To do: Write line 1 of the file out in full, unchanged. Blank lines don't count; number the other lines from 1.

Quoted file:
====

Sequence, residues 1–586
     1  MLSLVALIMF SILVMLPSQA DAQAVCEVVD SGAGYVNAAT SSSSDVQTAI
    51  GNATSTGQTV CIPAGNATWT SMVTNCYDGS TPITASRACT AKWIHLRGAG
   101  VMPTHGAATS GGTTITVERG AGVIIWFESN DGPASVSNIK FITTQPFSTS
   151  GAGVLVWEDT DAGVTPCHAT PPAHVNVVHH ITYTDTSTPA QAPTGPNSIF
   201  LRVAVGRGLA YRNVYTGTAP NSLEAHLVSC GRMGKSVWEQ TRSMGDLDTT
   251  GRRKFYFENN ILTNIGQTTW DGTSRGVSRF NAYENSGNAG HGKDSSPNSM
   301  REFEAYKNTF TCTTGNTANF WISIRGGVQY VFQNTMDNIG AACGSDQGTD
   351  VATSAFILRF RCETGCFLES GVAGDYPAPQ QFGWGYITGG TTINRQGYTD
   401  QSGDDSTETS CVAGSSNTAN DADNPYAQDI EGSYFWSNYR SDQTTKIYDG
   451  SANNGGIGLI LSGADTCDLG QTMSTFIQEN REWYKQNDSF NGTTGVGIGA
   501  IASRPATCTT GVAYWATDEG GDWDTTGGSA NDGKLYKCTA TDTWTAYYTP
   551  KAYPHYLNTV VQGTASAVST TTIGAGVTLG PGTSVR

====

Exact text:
Sequence, residues 1–586